• 06

    Petitions and Deputations, if any

  • 07

    Questions

    The Lord Mayor will call Members who have indicated that they wish to ask a question after the Leader of the Opposition has asked her questions.

  • 08

    Councillor Issues

    Councillor Maggie Carman - Tackling the Drug Problem

     

    Councillor Melvyn Caplan - Housing Major Works in Little Venice Ward

  • 09

    Future Policy Plan

    To consider items for debate from the attached Future Policy Plan.

    Future Policy Plan

  • 10

    Report for Full Council: Appointment of Independent Person to the Audit and Performance Committee

    To receive, consider and debate, if chosen, the following report which contains a recommendation to the Council for approval and adoption.

    Council Report - A&P Independent Person

  • 11

    Report for Full Council: Membership of the Westminster Scrutiny Commission

    To receive, consider and debate, if chosen, the following report which contains a recommendation to the Council for approval and adoption.

    Council Report - Scrutiny Commission

  • 12

    Report for Full Council: Treasury Management Strategy Statement (TMSS) Amendment

    To receive, consider and debate, if chosen, the following report which contains a recommendation to the Council for approval and adoption.

    Treasury Management Strategy 2022-23 Amendment

    Treasury Management Strategy 2022-23 Amendment Appendix A

  • 13

    Notices of Motion

    (a)               Majority Party Motion – Dirty Money

     

    To be moved by Councillor Adam Hug.

     

    To be seconded by Councillor Ellie Ormsby.

     

    This Council notes that:

     

    1.     Westminster City Council is bringing forward a new commitment to tackle dirty money and poor tax conduct, as part of our work to tackle the ill-effects of dirty money on Westminster residents, and nationally on legitimate businesses and communities across the United Kingdom. We want to create a more equitable economy in Westminster, which puts our residents and communities first.

     

    2.     The pressure on organisations to pay their fair share of tax has never been stronger. With the cost-of-living crisis impacting the most vulnerable in our society, it is only right that the council takes the lead in the promotion of exemplary tax conduct and supports those businesses who pay their fair share of tax - contributing to the vital funding front-line services need.

     

    3.     Two thirds of people (66%) believe the Government and local councils should at least consider a company’s ethics and how they pay their tax, as well as value for money and quality of service provided, when awarding contracts to companies; despite this around 17.5% of public contracts in the UK have been won by companies with links to tax havens.

     

    4.     The council is currently investigating unpaid business rates of £7.9m from 30 shops on Oxford Street and continues to pursue these taxes, and is working to enforce against those candy stores and other tenants who are failing to fulfil their legal obligations. Failing to contribute fairly is an extremely broad issue that directly impacts funding for vital public services, for example it has been conservatively estimated that losses from multinational profit-shifting (just one form of tax avoidance) could be costing the UK £17bn per annum in lost corporation tax revenues.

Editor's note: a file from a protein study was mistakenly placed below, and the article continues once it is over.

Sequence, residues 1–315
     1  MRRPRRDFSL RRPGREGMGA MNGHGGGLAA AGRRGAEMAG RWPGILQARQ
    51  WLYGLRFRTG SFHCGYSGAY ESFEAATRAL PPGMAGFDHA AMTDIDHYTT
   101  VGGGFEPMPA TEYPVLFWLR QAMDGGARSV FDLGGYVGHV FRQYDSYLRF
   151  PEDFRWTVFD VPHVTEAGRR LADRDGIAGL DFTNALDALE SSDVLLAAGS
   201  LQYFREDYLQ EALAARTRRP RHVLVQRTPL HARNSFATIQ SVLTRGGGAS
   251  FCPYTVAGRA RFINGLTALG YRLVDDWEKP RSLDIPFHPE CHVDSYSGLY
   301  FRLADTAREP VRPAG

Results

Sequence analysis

5.     The Centre for Public data has uncovered that within Westminster there has been a 300% rise in the number of properties registered to owners in Jersey since 2010, and a rise of 1,200% in the number of properties registered to owners in Russia. Westminster had 12,104 registered titles owned by individuals based overseas - 9% of all its registered titles, more than any other local authority. This number has trebled since 2010. We are proud of the diverse resident population of Westminster, but this data suggests something troubling, that the use of Westminster as a location to hide ill-gotten gains in the property market is spiralling out of control.

     

    6.     The use of Westminster property to legitimise illicit gains inflates property prices, reduces housing options for residents and diminishes the status of Westminster as a place to do business. We will tackle this head on and call on our partners to do all they can to end these harmful practices, leading the way with a new Westminster Against Dirty Money Strategy.

     

    7.     This starts with adopting the Fair Tax Mark as it offers a means for business to demonstrate good tax conduct and has been secured by a wide range of businesses across the UK, including FTSE-listed PLCs, co-operatives, social enterprises and large private businesses.

     

    This Council believes that:

     

    1.   Paying tax is often presented as a burden, but it shouldn’t be.

     

    2.   Tax enables us to provide services from education, health and social care,  to flood defence, roads, policing and defence. It also helps to counter financial inequalities and rebalance distortions in the economy.

     

    3.   As recipients of significant public funding, local authorities should take the lead in the promotion of exemplary tax conduct; be that by ensuring contractors are paying their proper share of tax, or by refusing to go along with offshore tax dodging when buying land and property.

     

    4.   Where councils hold substantive stakes in private enterprises, influence should be wielded to ensure that such businesses are exemplars of tax transparency and tax avoidance is shunned.

     

    5.   More action is needed, however, as current and proposed new UK procurement law significantly restricts councils’ ability to either penalise poor tax conduct (as exclusion grounds are rarely triggered) or reward good tax conduct, when buying goods or services.

     

    6.   UK cities, counties and towns can and should stand up for responsible tax conduct - doing what they can within existing frameworks and pledging to do more given the opportunity, as active supporters of international tax justice. We should also celebrate the tax contribution made by responsible businesses and promote responsible tax conduct.

     

    This Council resolves to: